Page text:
Intuition, i.e. a connection to Source and our true selves, is the predictability and understanding our souls actually long for.
Have you ever looked back on a situation in which you could clearly see that you knew all along what the outcome would be, but in your effort to live the story you created for yourself, to have the outcome you envisioned or wanted or needed, you ignored that knowing only to persevere in your plans and efforts and end up unfulfilled?
What if rather than trying to make something happen, you allow something to happen?
What would that look like? Does this mean that there is no planning or figuring things out?
As with everything in life, so much of this is about a healthy balance. There is nothing wrong with planning or exploring options, solutions, etc.
Yet if we find ourselves in a space of needing to know quickly, feeling impatient, or pressured by a sense of urgency, these may be red flags worthy of looking at.
What is causing the sense of urgency? Is there fear behind it. What is at stake? What if you never figure out what you are trying to plan or answer? Would that be ok?
Rather than persevering to know, what if we persevered to be with the unknown?
What if we could learn to love the darkness? After all, out of darkness, life emerges. We were all born out of the dark womb of our mothers. The seed of the tree roots itself in and sprouts from the darkness of the earth. We need the dark to rest and rejuvenate through sleep in order to be functional in the light of the day. If we never knew the darkness, how could we know the light when it shines?
I invite you to be with the unknown. I challenge you to see the opportunities and potential before you as they reveal themselves to you, and to persevere to stay in the space of darkness even when things are not immediately revealed.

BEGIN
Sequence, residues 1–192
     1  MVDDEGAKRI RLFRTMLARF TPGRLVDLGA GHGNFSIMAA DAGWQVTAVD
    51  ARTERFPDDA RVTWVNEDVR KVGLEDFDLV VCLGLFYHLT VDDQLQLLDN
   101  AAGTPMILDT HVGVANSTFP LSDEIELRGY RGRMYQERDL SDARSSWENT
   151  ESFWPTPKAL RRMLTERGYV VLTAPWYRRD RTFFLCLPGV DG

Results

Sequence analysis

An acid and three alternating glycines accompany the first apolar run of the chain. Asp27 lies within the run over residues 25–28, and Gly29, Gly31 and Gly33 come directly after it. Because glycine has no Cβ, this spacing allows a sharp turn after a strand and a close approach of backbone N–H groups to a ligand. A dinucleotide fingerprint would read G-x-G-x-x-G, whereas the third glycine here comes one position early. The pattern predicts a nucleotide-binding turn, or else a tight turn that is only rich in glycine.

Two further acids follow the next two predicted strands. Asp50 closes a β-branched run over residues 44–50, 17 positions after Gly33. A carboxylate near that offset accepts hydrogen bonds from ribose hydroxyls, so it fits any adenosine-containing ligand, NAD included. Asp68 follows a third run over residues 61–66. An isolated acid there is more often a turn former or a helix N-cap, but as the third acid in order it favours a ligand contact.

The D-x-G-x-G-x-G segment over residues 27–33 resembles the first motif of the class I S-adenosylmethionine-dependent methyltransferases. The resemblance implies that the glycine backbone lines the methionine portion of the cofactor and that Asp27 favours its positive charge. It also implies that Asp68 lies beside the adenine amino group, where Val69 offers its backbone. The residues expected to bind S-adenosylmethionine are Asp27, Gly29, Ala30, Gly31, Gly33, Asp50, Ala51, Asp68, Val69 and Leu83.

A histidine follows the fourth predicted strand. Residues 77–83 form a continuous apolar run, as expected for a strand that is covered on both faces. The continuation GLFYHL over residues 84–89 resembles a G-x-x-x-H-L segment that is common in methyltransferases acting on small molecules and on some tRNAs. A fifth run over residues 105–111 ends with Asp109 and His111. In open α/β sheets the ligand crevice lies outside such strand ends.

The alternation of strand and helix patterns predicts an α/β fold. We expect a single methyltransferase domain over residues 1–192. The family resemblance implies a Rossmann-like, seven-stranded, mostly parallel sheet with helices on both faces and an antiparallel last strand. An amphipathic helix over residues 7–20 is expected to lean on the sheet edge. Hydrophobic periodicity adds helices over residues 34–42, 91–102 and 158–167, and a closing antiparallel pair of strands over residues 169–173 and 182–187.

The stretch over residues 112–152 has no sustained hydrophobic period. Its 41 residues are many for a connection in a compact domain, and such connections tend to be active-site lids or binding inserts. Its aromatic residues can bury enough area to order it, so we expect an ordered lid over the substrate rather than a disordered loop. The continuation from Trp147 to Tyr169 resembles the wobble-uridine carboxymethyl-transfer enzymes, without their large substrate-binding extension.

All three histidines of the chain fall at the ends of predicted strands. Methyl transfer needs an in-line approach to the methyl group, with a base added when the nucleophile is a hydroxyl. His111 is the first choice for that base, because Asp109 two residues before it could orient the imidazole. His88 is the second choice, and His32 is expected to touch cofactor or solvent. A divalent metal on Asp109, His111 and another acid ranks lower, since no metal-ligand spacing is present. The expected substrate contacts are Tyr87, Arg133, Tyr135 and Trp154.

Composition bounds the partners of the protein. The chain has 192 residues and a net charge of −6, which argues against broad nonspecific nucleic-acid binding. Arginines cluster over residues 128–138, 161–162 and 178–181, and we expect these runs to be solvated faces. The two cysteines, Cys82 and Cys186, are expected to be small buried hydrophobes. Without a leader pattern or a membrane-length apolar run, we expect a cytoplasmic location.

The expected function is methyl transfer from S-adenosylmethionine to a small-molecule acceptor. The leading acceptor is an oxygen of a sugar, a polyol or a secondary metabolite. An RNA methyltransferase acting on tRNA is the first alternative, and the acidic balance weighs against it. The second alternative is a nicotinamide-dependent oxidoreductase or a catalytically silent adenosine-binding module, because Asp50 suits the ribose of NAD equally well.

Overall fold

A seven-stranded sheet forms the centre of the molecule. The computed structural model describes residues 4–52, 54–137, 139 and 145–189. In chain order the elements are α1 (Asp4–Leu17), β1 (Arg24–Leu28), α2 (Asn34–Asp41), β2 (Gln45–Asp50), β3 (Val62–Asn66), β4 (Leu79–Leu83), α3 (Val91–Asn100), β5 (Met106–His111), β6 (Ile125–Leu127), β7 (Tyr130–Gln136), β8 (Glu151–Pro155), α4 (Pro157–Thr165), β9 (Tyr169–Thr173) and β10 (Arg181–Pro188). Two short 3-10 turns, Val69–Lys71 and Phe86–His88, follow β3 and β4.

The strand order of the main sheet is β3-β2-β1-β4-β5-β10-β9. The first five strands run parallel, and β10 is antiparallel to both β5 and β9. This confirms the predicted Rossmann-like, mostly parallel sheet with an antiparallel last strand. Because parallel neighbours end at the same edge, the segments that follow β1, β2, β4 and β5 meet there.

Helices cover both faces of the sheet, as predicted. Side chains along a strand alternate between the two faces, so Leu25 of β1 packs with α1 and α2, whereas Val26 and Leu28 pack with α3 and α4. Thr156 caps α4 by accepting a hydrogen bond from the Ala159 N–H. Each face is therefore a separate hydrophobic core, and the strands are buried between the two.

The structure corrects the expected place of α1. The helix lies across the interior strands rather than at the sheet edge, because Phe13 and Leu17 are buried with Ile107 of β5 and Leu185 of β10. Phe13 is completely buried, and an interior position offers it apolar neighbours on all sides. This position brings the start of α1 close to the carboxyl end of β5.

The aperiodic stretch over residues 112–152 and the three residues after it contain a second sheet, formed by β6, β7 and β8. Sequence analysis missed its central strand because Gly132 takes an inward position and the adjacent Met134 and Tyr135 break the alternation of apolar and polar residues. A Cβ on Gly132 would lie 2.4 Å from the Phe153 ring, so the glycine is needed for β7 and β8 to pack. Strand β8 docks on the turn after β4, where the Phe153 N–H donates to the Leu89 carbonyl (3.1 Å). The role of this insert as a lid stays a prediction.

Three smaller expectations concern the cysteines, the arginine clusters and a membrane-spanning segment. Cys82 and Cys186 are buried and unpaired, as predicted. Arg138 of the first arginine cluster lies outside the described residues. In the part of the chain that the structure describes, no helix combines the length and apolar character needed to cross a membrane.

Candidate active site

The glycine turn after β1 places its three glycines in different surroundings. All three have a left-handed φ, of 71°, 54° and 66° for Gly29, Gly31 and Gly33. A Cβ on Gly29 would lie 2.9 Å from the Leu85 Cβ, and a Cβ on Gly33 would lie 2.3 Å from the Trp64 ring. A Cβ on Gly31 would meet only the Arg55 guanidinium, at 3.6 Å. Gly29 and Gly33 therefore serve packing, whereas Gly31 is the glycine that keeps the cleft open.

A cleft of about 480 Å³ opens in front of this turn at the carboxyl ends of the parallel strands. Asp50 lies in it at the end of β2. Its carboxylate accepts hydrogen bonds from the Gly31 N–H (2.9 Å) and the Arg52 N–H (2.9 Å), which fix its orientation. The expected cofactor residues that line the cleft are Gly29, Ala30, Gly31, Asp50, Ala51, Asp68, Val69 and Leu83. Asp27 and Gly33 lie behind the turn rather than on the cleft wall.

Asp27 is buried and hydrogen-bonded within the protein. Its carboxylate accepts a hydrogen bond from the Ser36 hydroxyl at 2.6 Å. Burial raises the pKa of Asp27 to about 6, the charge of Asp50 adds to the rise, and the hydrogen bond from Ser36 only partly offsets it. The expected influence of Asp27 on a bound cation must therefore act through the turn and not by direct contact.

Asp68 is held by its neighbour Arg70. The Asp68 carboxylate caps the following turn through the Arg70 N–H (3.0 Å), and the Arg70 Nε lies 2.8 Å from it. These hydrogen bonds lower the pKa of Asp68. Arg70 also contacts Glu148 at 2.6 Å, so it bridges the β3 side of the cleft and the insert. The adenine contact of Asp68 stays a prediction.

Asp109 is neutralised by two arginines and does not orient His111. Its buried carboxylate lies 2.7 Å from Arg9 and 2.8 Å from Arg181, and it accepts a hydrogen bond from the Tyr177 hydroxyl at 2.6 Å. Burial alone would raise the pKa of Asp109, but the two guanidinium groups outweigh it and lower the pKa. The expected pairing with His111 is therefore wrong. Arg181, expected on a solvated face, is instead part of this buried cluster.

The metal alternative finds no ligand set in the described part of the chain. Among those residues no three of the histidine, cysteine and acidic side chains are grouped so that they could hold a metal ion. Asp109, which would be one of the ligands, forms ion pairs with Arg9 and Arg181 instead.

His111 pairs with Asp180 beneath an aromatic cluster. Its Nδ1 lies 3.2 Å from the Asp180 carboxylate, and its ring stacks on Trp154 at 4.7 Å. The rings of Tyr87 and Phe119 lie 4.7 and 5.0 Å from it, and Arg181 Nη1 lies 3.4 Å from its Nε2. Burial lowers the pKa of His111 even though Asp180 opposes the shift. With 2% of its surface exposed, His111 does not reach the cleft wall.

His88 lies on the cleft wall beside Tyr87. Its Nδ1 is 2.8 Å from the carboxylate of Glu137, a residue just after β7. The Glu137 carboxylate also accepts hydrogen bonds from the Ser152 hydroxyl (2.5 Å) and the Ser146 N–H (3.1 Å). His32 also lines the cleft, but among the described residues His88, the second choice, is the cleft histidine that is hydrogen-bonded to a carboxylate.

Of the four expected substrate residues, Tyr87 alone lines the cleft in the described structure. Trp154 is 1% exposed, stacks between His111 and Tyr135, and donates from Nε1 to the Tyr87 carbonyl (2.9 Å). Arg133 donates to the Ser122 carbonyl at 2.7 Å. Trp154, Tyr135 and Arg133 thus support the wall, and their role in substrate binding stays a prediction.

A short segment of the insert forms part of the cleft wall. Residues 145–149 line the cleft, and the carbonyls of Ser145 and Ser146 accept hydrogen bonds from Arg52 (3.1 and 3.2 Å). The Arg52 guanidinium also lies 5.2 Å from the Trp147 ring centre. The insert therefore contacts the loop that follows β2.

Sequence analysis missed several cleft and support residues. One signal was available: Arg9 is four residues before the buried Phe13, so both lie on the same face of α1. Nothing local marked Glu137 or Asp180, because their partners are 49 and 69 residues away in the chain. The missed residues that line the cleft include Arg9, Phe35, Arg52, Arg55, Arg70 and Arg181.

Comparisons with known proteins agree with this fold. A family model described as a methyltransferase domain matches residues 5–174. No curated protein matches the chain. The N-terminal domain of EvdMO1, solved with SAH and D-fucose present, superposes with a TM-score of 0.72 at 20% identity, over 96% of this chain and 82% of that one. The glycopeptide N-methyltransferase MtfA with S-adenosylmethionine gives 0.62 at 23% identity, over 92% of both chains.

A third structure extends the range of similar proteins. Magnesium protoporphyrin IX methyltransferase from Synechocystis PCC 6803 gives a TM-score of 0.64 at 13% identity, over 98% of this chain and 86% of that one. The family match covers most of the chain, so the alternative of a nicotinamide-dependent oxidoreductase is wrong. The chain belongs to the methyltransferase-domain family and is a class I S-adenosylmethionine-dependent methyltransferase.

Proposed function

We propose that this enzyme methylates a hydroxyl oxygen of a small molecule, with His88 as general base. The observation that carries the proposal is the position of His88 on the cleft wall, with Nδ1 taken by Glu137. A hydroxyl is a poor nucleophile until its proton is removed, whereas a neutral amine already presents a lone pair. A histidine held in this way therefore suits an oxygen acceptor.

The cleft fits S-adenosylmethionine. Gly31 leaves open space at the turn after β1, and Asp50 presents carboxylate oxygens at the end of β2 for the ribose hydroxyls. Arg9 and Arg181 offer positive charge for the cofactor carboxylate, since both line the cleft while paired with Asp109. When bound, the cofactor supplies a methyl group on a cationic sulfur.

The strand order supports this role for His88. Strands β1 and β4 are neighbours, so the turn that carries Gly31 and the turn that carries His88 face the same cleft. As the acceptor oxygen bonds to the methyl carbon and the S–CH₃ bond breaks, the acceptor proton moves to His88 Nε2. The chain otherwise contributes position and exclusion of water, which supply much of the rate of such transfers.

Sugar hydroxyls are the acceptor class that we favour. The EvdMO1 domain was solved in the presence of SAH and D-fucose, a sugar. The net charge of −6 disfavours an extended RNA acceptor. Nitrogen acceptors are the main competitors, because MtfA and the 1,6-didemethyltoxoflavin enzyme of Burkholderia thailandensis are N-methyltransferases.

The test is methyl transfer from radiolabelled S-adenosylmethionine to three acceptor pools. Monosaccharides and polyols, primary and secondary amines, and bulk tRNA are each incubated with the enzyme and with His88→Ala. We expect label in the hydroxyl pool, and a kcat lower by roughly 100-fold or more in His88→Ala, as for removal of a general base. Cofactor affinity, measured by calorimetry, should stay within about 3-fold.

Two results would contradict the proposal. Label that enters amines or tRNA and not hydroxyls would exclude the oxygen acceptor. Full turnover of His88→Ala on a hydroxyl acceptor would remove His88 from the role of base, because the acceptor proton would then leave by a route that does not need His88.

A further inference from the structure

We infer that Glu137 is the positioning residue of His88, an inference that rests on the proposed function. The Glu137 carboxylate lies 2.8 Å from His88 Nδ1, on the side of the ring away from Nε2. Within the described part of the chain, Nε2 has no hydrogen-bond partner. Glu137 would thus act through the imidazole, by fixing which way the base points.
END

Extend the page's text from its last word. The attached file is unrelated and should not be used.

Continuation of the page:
In the darkness lies the power of creation, the source of life, the vastness of existence.
When we embrace the darkness, which includes the lack of understanding around why someone behaves the way they do, why something happens the way it does, how something could possibly work out when there seem to be no solutions available, or when that thing we’ve been wishing for for so long will finally come to fruition, we make friends with the unknown. We learn to love the uncertainty and the potential that lives in that space.
We come to have deeper compassion for ourselves and others, and we cultivate a greater sense of trust in our selves and in life.
As we reliably persevere to make peace with what is unknown, we find ourselves more grateful for what is know, and begin to allow the creative, birthing process to unfold organically.
We cannot force open the bud to see the flower. Take a look at the natural world. Nature accepts what is. It doesn’t fret over the unexpected things that come. It works with it, adapts and perseveres.
Perhaps in embracing the darkness, we might also cultivate a relationship with the being at the center of it, the force of creation, the wisdom of life.